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March Forecast: Labour Majority Cut, Lib Dem Gains, Small Improvement for Tories  

UK-Elect Forecast, 5th March 2005. (See also the latest UK-Elect forecast for the next General Election). As with the Feb 2005 forecast it is again based on the new Scottish parliamentary boundaries, and intended to represent a realistic possibility for what will actually happen at the next General Election, although major events, e.g. wars or resignation of a party leader would of course affect the totals. Previous UK-Elect forecasts of this type, based on anticipated voting trends, as opposed to current opinion polls, have been quite accurate. Those before the 2001 election were within 2 seats for all major parties.

This first March forecast is likely to leave Conservative leader Michael Howard and Liberal Democrat leader Charles Kennedy worried that, despite recent optimism from them both,  a comfortable Labour majority still looks likely. ( In fact, as any British General Election simulation will confirm, the bias in the electoral system is so strong that Tony Blair could win an overall majority even if the Labour Party came third in the polls. See also "What if the Tories overtook Labour in votes?" and What if the Liberal Democrat vote surged?)

The percentages used were Lab 37%, Con 31%, Lib Dem 22%, Nationalists 2.5%. (If you prefer to forecast using your own percentages, the current opinion polls, or with a lower/higher level of tactical voting, click here. Also click if you would like to forecast the Scottish Parliament, Welsh Assembly, London Assembly or your own local election.)

The main change over the last year in our forecasts is a slow reduction in the anticipated total share of the vote won by the two main parties (in particular the Conservative Party, despite a recent slight upturn), and an increase (now partly reversed) in the projected Liberal Democrat vote, coupled with an increasing belief that there is a significant possibility of anti-Labour tactical voting in some seats. This is in reaction to the after-effects (and continuing effects) of the Iraq War and a series of unpopular policies such as tuition fees. The combination of these and other factors, in our judgement, created enough anger in a small proportion of the electorate to persuade them to vote for anyone who can defeat the local Labour MP. In this election simulation (as in the previous two) we assume that a maximum of 20% of people would be prepared to vote tactically against Labour in the right circumstances. This is a little higher than we have generally previously assumed, but still within what we judge to be a realistic range (and it should also be emphasised that this figure is not the number that we think will vote tactically, simply those who would be prepared to do so if they lived in a constituency where the circumstances were right.)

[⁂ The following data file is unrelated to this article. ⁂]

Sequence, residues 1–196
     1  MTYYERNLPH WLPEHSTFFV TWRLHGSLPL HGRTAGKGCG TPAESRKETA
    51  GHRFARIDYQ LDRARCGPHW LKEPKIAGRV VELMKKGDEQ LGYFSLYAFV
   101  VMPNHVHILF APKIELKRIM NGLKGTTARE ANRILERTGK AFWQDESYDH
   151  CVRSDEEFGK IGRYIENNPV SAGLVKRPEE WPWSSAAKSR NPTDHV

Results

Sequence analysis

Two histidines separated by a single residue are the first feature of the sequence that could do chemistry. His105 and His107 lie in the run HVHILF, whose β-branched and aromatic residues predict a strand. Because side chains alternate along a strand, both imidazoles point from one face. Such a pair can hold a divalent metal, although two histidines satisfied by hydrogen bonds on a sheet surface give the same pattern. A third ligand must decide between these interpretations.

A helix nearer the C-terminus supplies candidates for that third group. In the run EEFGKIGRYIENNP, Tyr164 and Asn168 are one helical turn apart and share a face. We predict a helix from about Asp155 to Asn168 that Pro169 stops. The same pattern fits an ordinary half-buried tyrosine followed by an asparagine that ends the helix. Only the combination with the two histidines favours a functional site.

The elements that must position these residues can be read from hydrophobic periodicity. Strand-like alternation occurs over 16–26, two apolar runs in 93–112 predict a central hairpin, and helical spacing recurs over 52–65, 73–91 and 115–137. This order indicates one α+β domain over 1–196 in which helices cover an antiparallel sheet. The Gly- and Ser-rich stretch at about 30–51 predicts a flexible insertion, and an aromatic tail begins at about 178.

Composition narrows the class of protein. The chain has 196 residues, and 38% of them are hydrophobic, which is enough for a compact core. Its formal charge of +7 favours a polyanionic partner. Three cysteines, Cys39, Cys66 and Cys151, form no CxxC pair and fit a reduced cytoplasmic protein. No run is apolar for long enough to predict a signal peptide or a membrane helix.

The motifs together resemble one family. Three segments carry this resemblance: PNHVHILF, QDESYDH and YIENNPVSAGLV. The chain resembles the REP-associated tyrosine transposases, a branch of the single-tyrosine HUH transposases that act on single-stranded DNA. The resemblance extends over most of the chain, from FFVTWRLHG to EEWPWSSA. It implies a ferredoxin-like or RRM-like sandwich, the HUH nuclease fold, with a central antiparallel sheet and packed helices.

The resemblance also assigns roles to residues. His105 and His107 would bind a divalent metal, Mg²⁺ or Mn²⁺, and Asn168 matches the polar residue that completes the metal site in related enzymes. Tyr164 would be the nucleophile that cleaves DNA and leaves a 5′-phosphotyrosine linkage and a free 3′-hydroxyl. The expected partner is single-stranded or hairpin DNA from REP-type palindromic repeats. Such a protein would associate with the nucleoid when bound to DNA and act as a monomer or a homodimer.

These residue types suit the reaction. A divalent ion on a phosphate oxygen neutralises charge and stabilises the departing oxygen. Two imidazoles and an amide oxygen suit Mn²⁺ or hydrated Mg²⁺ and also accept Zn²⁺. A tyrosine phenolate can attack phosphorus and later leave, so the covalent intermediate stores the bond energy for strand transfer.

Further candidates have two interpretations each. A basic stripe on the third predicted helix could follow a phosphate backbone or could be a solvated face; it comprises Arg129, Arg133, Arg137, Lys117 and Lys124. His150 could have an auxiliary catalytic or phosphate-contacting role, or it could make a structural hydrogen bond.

Party

Seats

Change from current situation  Change from adjusted current situation  Change from 2001 election
Labour 375 -35 -24 -37
Conservative 169 +8 +5 +3
Liberal Democrat 70 +15 +16 +18
Scottish National Party 7 +2 +3 +3
Ulster Unionist 6 - - -
DUP 5 -1 -1 -
Plaid Cymru 5 +1 +1 +1
Sinn Fein 4 - - -
SDLP 3 - - -
Ind 1 - - -
Speaker 1 - - -
Labour Majority 106 -57 -48 -61
Forecast for South West England Forecast for Scottish Highlands  
Forecast for Northern England Forecast for UK  
Forecast for London Forecast for Eastern England  

Click on image to enlarge

Each month until the General Election we will also feature the detailed forecast for one or more constituencies.

March's Featured Constituency Forecast is Haltemprice and Howden, Humberside [Yorkshire and Humberside Euro/PR Region]
Electorate(2001): 67055
[Jon Neal], LDm 19460 45.25%
[David Davis], Con 17508 40.71%
[Leslie Howell], Lab 4996 11.61%
[Joanne Robinson], UKInd 1038 2.41%
Total 43002 64.12%
Liberal Democrat Majority 1952 4.54%
Liberal Democrat Gain From Con. Shadow Home Secretary Davis Davis loses his seat.
Swing from Conservative to Lib. Dem. of 4.44%

[] indicates party candidate at PREVIOUS election- actual 2005 candidate names not yet used for this forecast.

Notes: A uniform percentage swing method was used, and the percentages were applied to GB constituencies only. The assumption was made that up to 20% of the electorate would be prepared to consider voting tactically against the Labour Party. The forecast base was the 2001 General Election constituency situation, adjusted to take account of the new Scottish parliamentary boundaries. No attempt was made to apply more accurate Scottish or Welsh poll percentages to the forecasting of constituencies in those areas (hence the forecasting of Nationalist gains or losses is likely to be less accurate). Results from Northern Ireland are based on those of the last election and included for completeness only. The "change from adjusted current situation" column represents the change from the  the current situation f the latest boundary changes are taken into consideration.

What if the Tories overtook Labour in votes?  What if the Liberal Democrat vote surged?

 

 

 

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